At 26, Zoya Thomas Lobo's only means of survival was the kindness of the people commuting in Mumbai's local trains. A transwoman, she was following the Hijra tradition of mangti or asking for alms. As the Covid-19 pandemic and the ensuing lockdown brought the lifeline of the busy metropolis to a halt, so did Zoya's already meagre earnings.
In these dark times, she was offered the chance to appear for a split-second role in a short film titled Hijra: Shrap ki Vardan part 2 (Hijra: curse or blessing), which currently has more than 4 lakh views on YouTube. The director of the project organised an award function on its success, where she met someone who helped her to earn the distinction of becoming India's first and only photojournalist from the transgender community. On March 15, she was honoured by 24 Times News and Entertainment for this achievement.
Talking to Likho over the phone, Zoya reminisces about the old days. "Before becoming a photojournalist, I used to beg in the local trains of Mumbai; I still do that for my living. As a child, I wanted to join the civil services but that couldn't happen," she recalls. She had to drop out of school after attending class five as her family could no longer afford educating her.
This is why the theme of the movie is close to her heart. It spoke about how education and equal opportunities can help members of the teansgender community become a part of the mainstream society. Brightening up at the mention of the movie, she shares how she was able to play a soldier on screen, in the movie.
At an award function following the success of the movie, she met the co-editor of College Times who later called her over to his office. "He said he saw some capability in me. I had no clue when I reached that I will be appointed as a reporter right away," tells Zoya.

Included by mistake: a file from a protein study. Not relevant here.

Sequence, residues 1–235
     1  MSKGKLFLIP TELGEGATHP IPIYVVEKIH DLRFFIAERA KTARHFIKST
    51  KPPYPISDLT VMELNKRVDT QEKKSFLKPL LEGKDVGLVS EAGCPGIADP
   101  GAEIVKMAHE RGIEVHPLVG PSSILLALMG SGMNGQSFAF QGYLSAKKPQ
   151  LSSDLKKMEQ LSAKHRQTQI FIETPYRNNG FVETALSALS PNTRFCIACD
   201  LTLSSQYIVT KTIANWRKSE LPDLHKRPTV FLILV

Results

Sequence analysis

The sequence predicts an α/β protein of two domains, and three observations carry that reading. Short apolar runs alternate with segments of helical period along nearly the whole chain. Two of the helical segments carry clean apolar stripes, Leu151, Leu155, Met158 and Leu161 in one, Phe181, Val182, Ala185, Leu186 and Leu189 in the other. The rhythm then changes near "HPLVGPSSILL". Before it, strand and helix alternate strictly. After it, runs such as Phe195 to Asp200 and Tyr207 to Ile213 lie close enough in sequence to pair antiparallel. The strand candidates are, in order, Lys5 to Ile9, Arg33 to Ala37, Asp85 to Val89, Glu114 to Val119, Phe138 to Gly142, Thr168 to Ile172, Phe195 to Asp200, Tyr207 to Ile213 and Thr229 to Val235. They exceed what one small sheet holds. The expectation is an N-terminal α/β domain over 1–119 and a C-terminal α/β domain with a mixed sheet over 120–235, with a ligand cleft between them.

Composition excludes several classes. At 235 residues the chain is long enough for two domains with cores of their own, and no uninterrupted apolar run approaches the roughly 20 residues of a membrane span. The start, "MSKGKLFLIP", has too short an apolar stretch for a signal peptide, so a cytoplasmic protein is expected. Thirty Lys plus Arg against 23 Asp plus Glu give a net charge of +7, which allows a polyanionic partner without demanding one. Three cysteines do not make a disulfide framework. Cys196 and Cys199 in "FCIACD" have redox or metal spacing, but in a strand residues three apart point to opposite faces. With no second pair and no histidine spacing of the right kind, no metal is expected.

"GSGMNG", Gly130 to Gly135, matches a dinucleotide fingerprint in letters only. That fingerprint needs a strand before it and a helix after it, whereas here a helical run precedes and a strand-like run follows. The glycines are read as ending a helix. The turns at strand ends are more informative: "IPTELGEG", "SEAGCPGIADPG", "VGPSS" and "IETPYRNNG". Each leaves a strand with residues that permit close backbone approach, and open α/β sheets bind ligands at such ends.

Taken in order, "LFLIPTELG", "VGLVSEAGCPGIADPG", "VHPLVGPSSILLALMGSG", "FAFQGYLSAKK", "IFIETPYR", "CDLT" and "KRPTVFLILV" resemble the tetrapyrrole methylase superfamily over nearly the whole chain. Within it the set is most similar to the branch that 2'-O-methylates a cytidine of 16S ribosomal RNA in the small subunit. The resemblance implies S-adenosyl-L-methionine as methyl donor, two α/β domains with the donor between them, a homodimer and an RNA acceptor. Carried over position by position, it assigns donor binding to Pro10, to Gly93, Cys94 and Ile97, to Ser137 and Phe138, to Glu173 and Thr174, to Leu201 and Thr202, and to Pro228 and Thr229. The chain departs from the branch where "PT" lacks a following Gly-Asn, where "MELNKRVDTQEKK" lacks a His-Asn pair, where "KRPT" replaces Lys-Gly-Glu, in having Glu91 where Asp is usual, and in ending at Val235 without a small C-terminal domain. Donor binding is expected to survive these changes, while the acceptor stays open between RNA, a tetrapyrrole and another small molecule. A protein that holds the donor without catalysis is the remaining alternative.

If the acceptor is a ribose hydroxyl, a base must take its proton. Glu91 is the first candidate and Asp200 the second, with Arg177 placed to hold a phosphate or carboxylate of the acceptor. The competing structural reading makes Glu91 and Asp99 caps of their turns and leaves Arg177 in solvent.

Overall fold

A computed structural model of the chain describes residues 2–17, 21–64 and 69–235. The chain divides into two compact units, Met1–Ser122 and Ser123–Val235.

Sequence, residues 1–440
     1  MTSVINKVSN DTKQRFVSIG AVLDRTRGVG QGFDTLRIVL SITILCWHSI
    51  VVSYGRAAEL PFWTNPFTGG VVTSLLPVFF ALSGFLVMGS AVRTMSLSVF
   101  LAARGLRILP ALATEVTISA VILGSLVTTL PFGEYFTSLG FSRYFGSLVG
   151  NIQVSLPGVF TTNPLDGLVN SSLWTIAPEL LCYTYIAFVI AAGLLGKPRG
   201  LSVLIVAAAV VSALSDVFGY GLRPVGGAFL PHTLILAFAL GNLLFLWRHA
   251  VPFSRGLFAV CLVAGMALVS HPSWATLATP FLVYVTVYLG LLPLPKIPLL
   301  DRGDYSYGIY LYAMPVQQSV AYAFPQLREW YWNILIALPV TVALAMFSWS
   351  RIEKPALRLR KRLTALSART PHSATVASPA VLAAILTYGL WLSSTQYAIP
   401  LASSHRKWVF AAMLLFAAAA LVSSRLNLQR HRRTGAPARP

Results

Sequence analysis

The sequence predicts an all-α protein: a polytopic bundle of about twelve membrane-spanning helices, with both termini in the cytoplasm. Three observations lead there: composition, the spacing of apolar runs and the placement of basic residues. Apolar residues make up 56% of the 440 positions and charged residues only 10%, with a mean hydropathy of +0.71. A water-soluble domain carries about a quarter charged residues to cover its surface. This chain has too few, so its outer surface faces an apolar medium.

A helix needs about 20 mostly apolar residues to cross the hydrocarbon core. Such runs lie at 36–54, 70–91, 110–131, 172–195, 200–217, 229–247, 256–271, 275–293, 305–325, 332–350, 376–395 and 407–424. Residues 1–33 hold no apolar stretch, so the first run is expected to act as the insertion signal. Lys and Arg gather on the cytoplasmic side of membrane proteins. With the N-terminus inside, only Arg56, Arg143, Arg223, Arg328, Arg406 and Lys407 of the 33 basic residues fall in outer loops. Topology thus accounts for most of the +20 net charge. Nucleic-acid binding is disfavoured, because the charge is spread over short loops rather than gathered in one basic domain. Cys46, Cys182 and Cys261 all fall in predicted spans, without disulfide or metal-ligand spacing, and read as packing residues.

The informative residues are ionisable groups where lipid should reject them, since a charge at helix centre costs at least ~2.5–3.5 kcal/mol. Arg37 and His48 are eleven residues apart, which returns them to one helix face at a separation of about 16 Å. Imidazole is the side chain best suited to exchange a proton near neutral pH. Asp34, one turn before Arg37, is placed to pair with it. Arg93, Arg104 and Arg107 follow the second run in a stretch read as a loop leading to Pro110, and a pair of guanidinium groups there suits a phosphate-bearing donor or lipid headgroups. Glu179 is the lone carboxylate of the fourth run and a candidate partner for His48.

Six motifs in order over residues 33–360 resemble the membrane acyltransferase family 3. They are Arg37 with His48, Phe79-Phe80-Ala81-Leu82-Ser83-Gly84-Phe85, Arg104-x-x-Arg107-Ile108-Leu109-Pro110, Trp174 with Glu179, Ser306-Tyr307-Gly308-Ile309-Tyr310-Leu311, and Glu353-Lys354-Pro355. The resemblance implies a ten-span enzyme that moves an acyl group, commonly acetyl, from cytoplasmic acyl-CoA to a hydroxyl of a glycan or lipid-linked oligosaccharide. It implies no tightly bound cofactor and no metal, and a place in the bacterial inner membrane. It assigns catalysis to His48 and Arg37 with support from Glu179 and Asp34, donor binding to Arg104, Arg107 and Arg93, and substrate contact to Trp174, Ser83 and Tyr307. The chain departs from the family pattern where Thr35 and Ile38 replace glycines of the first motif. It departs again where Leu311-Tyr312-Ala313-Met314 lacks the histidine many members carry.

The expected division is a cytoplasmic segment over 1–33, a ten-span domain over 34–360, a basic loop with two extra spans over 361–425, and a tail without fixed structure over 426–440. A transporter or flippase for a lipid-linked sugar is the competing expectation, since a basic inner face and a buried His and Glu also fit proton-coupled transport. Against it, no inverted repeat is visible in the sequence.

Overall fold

During her reporting, she discovered her interest in photography. She saved whatever she got from her alms and bought herself a professional camera. "My interest was in photography but I wasn't aware of how I could capitalise on that," she says.
One of her assignments was covering the Pink Rally, organised by the transgender community. While reporting on it, she was filming and taking pictures of the event as well. She got introduced to senior photojournalist Divyakant Solanki here, and he was the one who explained to her the nuances of his profession -different types of lenses, using the camera properly, et al.
During the thick of the pandemic, she was able to get exclusive details about the protest held by migrant workers outside the Bandra station. It was happening very close to her house. She ran to grab her camera on seeing the commotion and was able to get some exclusive visuals. Covering the incident earned her fame and reputation; people started recognizing her as 'that transgender photojournalist'.
Zoya is currently working as a freelancer for Fight Against Crime, a website that reports crimes happening in and around Mumbai. "I wish to join a media firm as a full-time photojournalist so that I don't need to beg again. I want to refine my skills and teach them to other people from the community so that they can live a life of dignity as well," she says.